Posted by: rayseghers | August 26, 2009

Case Study: Thinking Outside the HR Box

A few years ago I worked with an organization that was concerned about retaining their relatively young workforce.  To this end, we conducted an employee engagement survey with a focus on benefits and compensation.

As the company expected, there were major differences in the survey scores across the product lines.  As an outsider, I asked the obvious question:  Why are some of these lines so positive and others so negative?  (This is always a risky question for a survey consultant since the organization may report that these data do not match what they already know, or think they know, about these groups.  Well, never fear.)  

I was very impressed that management had a very good understanding of these lines and listed a number of factors for each group explaining their strengths and weaknesses.  What I thought was interesting was not the specific factors per se but the fact that management had such a detailed  understanding of their employees and had the flexibility to offer different packages to different product lines.  Wow!  Knowledge and the ability to do something about it.  Quite a rarity.

But there was a catch.  HR and the management team disregarded their knowledge of their employees and proposed doing the same old thing.  No “outside-the-box” thinking here.  They figured that offering all of their employees a 401(k) plan would do the retention trick.  BUT, the average age on these product lines was less than 25 and they currently measured tenure in months.  Few, if any, of these employees would ever vest in the plan.  They failed to realize that very young workers are not motivated by retirement plans.  Maybe they should be, but the fact is, they aren’t.  I mentioned that the company would get a bigger impact on retention by giving these employees raises at the proper time.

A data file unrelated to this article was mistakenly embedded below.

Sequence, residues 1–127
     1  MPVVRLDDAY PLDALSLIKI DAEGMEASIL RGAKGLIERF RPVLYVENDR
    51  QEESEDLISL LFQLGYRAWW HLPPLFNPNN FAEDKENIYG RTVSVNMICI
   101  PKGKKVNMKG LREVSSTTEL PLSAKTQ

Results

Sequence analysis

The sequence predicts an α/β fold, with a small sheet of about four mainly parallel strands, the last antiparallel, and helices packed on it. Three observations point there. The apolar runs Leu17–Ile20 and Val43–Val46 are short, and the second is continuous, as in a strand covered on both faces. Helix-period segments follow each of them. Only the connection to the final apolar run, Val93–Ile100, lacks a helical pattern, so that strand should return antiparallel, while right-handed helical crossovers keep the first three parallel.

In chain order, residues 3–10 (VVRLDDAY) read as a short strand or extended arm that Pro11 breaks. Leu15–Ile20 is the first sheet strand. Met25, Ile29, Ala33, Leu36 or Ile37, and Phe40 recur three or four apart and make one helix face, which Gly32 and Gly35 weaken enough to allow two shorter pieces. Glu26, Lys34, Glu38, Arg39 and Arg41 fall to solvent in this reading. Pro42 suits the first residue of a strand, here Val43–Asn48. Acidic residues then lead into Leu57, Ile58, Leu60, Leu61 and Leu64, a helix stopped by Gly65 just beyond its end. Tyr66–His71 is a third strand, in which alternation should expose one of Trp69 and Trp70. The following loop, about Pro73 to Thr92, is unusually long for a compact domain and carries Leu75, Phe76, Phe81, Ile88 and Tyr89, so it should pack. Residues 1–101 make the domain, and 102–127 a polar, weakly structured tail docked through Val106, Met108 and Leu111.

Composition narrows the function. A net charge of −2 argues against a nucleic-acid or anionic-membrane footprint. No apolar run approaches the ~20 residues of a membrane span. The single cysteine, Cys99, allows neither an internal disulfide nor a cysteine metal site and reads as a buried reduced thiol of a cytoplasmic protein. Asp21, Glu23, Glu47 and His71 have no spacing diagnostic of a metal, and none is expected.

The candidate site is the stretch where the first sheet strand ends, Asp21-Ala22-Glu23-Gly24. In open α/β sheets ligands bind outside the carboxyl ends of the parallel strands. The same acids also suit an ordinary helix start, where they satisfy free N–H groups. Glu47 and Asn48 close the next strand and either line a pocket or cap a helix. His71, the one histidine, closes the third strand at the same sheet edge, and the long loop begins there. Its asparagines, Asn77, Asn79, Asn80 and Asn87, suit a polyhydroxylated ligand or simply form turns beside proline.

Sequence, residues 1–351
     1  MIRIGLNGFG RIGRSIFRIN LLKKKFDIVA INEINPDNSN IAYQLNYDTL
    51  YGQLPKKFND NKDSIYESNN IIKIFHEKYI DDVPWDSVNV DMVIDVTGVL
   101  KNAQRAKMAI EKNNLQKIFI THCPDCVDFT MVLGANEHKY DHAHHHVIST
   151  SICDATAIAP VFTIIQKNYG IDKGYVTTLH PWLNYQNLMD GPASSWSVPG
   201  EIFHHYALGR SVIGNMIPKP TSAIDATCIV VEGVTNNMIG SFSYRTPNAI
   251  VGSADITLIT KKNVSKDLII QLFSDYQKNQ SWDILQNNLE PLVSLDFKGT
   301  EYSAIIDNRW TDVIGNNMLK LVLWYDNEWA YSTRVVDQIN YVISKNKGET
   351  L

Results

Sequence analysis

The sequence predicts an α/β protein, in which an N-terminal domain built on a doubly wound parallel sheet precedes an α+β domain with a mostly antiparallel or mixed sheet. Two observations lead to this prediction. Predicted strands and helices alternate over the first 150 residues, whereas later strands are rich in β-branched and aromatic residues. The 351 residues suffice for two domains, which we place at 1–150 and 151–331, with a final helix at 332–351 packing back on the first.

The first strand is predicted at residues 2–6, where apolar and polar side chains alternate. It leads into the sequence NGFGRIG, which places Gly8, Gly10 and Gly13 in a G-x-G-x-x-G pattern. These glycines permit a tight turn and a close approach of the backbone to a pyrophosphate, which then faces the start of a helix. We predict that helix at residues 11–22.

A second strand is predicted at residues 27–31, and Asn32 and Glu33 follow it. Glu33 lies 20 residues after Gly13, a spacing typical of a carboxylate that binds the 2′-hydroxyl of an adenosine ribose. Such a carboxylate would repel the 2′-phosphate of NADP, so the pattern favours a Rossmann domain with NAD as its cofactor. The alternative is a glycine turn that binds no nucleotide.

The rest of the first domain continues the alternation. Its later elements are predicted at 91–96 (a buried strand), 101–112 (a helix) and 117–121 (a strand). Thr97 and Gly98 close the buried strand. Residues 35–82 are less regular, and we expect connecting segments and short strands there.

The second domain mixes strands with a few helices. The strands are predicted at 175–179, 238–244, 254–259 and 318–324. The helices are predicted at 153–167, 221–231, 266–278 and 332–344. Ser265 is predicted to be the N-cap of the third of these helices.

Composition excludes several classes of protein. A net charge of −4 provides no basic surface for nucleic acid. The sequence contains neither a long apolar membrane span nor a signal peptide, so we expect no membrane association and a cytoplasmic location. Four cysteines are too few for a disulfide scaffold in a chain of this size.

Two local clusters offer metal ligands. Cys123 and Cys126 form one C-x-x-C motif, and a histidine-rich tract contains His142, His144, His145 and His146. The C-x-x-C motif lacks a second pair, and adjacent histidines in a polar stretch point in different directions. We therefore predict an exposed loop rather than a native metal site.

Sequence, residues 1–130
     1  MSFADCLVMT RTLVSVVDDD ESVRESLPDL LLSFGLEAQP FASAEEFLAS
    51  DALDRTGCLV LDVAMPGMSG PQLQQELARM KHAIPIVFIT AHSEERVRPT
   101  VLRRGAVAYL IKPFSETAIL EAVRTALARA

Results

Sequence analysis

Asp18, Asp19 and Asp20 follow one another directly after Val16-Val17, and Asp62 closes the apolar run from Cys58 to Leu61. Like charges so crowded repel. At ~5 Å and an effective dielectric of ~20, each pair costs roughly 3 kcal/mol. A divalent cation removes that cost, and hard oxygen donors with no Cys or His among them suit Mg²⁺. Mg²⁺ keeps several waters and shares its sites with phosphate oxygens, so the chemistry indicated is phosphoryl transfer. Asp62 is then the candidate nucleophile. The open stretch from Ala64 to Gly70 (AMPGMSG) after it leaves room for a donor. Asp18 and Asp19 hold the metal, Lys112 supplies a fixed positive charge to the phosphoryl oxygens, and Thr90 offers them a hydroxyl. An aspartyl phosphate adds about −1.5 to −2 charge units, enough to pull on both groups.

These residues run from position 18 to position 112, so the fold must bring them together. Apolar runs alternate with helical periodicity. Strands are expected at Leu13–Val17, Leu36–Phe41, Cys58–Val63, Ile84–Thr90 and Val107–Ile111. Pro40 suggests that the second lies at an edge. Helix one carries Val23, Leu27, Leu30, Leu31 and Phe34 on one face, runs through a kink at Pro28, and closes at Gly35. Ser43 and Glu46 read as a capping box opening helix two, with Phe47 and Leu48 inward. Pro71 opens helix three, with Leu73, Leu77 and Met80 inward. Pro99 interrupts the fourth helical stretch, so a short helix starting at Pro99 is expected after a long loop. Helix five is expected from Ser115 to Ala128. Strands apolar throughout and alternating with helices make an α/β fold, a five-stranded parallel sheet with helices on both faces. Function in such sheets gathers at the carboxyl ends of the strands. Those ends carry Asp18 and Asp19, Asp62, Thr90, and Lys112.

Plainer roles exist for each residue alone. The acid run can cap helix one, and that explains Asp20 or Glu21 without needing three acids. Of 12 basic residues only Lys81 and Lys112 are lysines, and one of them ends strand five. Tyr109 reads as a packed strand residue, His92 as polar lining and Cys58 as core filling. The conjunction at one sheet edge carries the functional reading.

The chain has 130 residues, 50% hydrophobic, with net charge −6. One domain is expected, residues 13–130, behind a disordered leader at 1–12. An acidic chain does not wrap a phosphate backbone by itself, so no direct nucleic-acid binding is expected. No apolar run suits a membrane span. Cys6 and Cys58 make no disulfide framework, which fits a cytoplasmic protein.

So, when is the proper time?  Remember, they had a good understanding of their employees and what made them tick.  I asked what the critical retention time for each product line was.  For one line they said that if they could keep people for 8 months then they were likely to stick around for a while.  For another line the critical time was 3 months.  Again, management was able to differentiate the needs of the different groups. 

I asked when did they do performance reviews and give raises for new employees.  Without skipping a beat, they said 6 months for all groups.  Well, getting a raise at 6 months might be very helpful for the 8 month line but not for the 3 month line.  Most of these employees never lasted long enough to get to the review period.  Shouldn’t the review period and comp plan be tied to the characteristics and needs of the group?  They had the flexibility to do this and the cost was going to be less than the cost of the revolving door that they had now.

Knowledge and the ability to do something about it hadn’t been impacting their retention strategy.  They had just been doing what they had always done.  The good news is that now they understand the power of what they could do and they had the additional feedback from their employees to help guide them to greater success.  We got them to see the box and to peer over the edge.

What do you think?

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Responses

  1. Unfortunately, most people are motivated by money.. So giving reviews every 6 mths across the board doesn’t make sense to me… I do them based on the individual job classification and on the person. Owning a very small business this works for me!


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